Monday, October 26, 2009
waiting at the end of 42 kilometers
Last weekend, the fiancee and I drove up to Subic for their 2nd International Marathon. For the record, he's the one running. It's one of his things-to-do before he gets married. My presence is purely for moral support, and the possibility of needing to be the one driving home after the race.
The race starts at 4PM at the Floridablanca Tollbooth. A convoy of buses will be deployed at 2PM to bring the runners there, who'll be assembling at the Remy Field track oval (which is also where the finish line is). We take photos at the start/finish arc. I survey the area, looking for possible places to park myself and the camera for that money shot of my man crossing the finish line (or approaching it). By 2pm he's off and I return to the hotel to get some rest before returning to the field.
We estimate that he'd finish around 4hrs 30mins, hopefully earlier. He made me promise to be there early, by like 6pm, just to be sure - in case by some unfortunate event he gets injured or gives up. I know him though, over his dead body would he give up. He's just not the give-up kind of guy.
Being a good girl keeping her promise, I walk over at 6pm to start waiting on the bleachers. Over the PA system, the host announces that they're expecting the Kenyans to finish in the next 30 minutes. Okay, that's inhumanely fast. By the time this happens, the crowd amasses on the track. Within the next hour, more bionic runners make their way through the finish line.
8PM. Okay, that's nearly 4 hours. Still no sign. I'm anxious and excited. Yeah, call me a stage-bride-to-be. I think of how he made sure he wore red so my near-sightedness wouldn't impair my camera-clicking reflexes. Sweet. I imagine him crossing and in some dramatic moment, we hug or what-not (so MTV, but whatever). I start thinking of how sweaty and sticky he'll be, but I decided that I won't care. And then, the hosts announces that 3 runners have called it quits out of exhaustion. I feel a slight tinge of panic, but I knew that he's not going to give up. He'd walk through the finish line if he had to. He'd NEED to finish.
I spot a friend of ours entering the track oval. He's a stronger runner, but I get my hopes up thinking that my guy isn't far behind. A few more minutes and finishers later, I still don't see him. I'm running out of playlists on my iPod. I've warded off a number of guys trying to hit on me. I'm starting to wonder about what could've happened. This cannot be right.
Approaching 9PM. He's been gone for almost 5 hours. A series of finishers cross the line - some barely jogging, some just walking. He's not one of them. Something is wrong. God forbid his left knee gives (it's been operated on three times for an ACL). I check my phone. Nothing. I start wondering if my contact details were placed in the emergency numbers needed in the application form. He would've placed me as the person to contact, right? But since nothing's happening with my phone (save for my sister updating me about Philippine Fashion Week), the sirens in my brain begin to wail.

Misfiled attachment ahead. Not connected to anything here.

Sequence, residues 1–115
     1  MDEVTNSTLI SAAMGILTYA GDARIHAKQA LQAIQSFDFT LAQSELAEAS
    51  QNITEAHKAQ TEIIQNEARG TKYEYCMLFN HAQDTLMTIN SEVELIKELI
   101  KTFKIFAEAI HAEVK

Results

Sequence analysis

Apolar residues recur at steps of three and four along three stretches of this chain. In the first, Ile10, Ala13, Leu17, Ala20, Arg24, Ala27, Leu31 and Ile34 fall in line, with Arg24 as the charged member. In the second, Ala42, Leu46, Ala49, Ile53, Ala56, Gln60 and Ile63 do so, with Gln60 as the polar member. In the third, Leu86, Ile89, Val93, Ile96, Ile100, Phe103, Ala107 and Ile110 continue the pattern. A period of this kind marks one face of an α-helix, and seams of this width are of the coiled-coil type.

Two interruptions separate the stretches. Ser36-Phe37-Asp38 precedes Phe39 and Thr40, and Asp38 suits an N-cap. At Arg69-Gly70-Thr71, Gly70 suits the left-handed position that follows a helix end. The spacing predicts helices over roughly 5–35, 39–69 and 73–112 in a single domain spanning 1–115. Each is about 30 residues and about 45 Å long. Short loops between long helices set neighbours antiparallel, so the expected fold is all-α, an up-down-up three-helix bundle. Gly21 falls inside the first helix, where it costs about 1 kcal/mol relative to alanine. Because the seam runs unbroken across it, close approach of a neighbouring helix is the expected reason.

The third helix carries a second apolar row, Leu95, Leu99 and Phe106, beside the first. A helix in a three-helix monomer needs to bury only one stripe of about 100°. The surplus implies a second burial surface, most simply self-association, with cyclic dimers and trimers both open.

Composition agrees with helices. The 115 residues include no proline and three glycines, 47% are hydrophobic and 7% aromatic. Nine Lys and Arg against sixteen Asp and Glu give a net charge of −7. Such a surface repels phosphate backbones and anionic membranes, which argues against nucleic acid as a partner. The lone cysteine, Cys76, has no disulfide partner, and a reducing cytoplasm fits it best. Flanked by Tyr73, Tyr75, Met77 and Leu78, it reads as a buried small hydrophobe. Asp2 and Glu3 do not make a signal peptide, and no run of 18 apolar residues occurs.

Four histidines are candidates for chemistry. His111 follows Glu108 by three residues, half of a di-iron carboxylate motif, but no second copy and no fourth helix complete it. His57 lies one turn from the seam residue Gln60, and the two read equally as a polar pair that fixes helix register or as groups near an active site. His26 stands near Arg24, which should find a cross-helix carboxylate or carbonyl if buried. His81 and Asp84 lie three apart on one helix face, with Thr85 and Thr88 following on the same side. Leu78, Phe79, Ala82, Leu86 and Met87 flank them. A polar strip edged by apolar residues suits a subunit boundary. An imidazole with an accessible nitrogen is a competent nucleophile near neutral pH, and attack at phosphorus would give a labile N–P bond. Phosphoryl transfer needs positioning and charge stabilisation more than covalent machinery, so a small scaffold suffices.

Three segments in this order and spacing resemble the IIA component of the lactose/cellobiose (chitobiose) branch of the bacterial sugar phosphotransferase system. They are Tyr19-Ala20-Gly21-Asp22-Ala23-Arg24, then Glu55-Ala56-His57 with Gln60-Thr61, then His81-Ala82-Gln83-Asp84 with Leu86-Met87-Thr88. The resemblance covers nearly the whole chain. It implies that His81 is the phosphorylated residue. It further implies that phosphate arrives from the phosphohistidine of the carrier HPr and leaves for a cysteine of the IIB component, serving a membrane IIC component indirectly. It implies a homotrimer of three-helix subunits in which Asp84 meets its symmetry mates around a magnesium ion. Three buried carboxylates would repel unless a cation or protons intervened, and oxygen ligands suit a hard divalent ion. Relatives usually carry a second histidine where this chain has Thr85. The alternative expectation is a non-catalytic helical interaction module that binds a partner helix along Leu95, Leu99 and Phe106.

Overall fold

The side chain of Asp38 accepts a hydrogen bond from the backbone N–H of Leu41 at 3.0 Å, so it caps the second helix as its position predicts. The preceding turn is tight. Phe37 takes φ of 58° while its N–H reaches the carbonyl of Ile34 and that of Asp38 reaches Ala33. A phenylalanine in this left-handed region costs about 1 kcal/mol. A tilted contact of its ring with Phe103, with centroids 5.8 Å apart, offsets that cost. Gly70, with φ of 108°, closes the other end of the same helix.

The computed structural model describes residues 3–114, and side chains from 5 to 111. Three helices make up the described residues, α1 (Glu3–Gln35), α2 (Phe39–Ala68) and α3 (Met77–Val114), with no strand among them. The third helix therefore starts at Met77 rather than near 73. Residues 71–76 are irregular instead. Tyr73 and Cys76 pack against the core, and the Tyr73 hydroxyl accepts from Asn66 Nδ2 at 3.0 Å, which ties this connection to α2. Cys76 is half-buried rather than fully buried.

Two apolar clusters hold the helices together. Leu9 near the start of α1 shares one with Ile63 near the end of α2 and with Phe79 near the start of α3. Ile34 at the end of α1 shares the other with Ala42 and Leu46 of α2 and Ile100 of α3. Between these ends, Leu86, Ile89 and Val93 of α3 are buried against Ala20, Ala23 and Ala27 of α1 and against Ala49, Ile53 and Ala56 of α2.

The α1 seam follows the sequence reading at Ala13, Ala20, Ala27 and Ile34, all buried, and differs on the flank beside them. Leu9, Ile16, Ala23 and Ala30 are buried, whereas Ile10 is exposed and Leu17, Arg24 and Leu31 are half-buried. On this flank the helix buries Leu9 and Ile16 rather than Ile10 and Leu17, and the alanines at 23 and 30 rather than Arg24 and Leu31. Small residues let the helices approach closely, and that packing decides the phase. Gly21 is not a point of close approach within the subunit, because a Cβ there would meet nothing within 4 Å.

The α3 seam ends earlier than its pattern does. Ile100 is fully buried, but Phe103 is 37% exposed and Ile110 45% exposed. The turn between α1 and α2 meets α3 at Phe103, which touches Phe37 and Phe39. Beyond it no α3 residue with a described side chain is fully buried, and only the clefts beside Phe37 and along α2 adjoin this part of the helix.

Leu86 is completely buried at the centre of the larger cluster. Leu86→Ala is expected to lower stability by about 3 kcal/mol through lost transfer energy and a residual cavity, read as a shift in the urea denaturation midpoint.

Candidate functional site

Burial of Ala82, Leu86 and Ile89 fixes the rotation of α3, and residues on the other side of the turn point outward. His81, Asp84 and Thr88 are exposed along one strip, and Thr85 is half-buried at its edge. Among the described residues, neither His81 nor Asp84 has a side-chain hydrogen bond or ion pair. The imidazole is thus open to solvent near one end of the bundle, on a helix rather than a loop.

I fight the urge to run to the organizer's booth. I may miss him, if he does cross while I'm gone. So I stand, now by the track itself, with the huge D80+battery grip perched and ready to take his photo - more than that, to give him a smile and cheer. A live concert begins on the field, and the music helps lift my spirit for a bit. But then I return to anxiety now overtaking excitement. I hate feeling that there's something wrong, and yet helpless (or clueless) on what can be done about it.
It's just like time to play tricks on you, especially when you're waiting for something. It's like it intentionally goes slower. At past 9:30pm, I spot him. He's fine! He's running! He hasn't broken a leg or anything! I cheer and woot, snapping his photo. I'm sure he's disappointed about finishing over 5 hours. But I don't care. He finished his first marathon in one piece. He won't be in a wheelchair at our wedding. I meet him at the other end of the finish line to carry his race freebies and walk beside him as he drinks his Gatorade.
I can't describe how immensely proud I am of him. Like yeah, I'm marrying this man.
On a side note, I learn that the "something wrong" was that the water stations ran out of water (talk about not living up to their name). So hello dehydration and goodbye keeping a good pace. My big thank-you hugs to those support teams and fellow runners who were kind enough to share their water.
dezphaire strapped in @ 3:40 PM
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